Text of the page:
Suman had raised the euthanasia debate in West Bengal by seeking permission to end his life in the face of serious illness and abject poverty.
But now his focus has changed. "No, I do not want to die any more," said Suman who is now able to walk with the help of a walker, thanks to the effort of a physiotherapist who is treating him free of cost.
Das had shot off a letter to the District Magistrate on October 28, 2016 praying that he be allowed to opt for euthanasia after returning from a Bengaluru hospital following a spinal cord surgery.
He had to return from Bengaluru as the post-operation physiotherapy procedures involved high medical expenses which the poor labourer from Englishbazar block could not afford.
"My son could not move his hands and feet after the surgery in Bengaluru in mid-2016 and the hospital advised prolonged physiotherapy there which was very expensive," his mother Saraswati Devi told PTI.
On return Suman had slipped into acute depression and wrote the letter to the district administration.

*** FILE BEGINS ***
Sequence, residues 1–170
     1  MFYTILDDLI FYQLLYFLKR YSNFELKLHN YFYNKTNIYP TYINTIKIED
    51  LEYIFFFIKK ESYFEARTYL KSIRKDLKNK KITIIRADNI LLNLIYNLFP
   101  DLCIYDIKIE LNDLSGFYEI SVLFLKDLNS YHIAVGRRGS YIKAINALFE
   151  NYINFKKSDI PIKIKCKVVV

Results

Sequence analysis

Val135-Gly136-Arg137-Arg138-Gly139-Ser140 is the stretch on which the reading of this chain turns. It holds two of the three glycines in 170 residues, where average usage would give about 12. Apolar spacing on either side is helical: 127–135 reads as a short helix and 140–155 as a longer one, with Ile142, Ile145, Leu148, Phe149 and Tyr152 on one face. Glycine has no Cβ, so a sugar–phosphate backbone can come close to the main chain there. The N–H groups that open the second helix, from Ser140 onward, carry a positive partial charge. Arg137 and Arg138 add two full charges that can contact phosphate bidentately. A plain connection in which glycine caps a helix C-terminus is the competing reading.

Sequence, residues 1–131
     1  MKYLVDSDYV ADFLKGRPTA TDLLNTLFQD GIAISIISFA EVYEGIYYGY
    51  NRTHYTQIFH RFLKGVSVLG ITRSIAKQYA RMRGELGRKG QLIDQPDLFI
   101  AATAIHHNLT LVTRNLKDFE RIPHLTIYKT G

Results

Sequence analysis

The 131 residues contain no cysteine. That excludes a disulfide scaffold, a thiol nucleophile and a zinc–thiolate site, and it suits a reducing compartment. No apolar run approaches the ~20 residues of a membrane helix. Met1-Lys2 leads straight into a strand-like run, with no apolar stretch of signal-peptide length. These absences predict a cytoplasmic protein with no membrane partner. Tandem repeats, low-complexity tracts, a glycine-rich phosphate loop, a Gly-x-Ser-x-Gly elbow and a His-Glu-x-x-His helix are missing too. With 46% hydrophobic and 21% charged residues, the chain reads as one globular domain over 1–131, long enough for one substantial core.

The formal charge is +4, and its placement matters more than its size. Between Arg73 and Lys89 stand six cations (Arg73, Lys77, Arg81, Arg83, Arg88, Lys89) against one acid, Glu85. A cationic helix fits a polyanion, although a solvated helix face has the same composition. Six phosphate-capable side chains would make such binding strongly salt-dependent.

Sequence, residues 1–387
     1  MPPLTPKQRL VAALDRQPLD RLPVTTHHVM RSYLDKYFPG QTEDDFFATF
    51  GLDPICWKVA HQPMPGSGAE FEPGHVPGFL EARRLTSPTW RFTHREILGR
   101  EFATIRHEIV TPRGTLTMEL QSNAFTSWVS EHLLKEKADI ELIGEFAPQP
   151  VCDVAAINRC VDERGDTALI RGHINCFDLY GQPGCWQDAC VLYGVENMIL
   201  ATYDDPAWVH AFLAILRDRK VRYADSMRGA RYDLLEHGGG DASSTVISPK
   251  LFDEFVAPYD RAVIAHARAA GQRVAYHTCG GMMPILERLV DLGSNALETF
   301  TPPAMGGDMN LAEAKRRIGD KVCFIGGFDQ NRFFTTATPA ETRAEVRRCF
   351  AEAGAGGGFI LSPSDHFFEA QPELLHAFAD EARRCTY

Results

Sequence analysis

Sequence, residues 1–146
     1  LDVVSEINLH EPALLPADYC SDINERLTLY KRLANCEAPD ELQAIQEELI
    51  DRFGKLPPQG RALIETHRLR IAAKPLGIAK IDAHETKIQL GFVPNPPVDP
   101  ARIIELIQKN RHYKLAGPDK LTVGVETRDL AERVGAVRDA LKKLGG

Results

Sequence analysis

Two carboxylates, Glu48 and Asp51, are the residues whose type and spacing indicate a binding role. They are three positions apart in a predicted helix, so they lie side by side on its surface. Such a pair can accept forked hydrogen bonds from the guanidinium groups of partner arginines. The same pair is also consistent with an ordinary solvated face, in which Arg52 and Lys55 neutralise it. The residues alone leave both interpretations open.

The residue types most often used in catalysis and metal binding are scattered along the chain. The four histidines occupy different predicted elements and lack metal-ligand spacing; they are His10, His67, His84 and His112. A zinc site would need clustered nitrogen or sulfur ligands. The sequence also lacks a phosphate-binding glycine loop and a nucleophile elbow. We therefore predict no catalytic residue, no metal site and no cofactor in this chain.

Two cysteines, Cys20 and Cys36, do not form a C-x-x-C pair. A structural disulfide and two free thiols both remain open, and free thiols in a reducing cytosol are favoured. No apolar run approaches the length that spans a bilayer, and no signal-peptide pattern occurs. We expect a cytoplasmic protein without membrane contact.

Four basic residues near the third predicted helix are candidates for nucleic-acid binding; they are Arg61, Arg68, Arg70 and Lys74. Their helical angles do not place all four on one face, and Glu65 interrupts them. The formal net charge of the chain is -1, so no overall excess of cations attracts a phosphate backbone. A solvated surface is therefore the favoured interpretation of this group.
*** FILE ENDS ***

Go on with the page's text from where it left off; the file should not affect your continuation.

A local NGO and his neighbours then came to his side, Devi recalled.
While the neighbours motivated him to come out of depression, physiotherapist Sunirmal Ghosh who is attached to the NGO came to his residence in the middle of 2017 and took the responsibility of bringing his life back on track.
A couple of months back Suman showed signs of improvement managing to move his limbs, his mother said adding that her son is can now move a bit with walker.
Suman said, "I don't want to die any more. I had almost given up hope of any recovery and hence wrote that letter in a moment of extreme depression. But there is a new ray of hope now. I know I will be able to move out of my room and see the world again."
Suman had lost his father at a young age and has a brother.
Suman recalled he had suffered spinal cord injury in early 2016 while unloading sacks of rice and had been referred to Kolkata by Malda Hospital. From Kolkata he was referred to a medical facility in Bengaluru.
Ghosh said Suman is young and his entire life lies ahead. "It is our job to treat patients and bring them back on life's track."
Earlier this week the Supreme Court had recognised a 'living will' made by terminally-ill patients for passive euthanasia.
(This story has not been edited by Business Standard staff and is auto-generated from a syndicated feed.)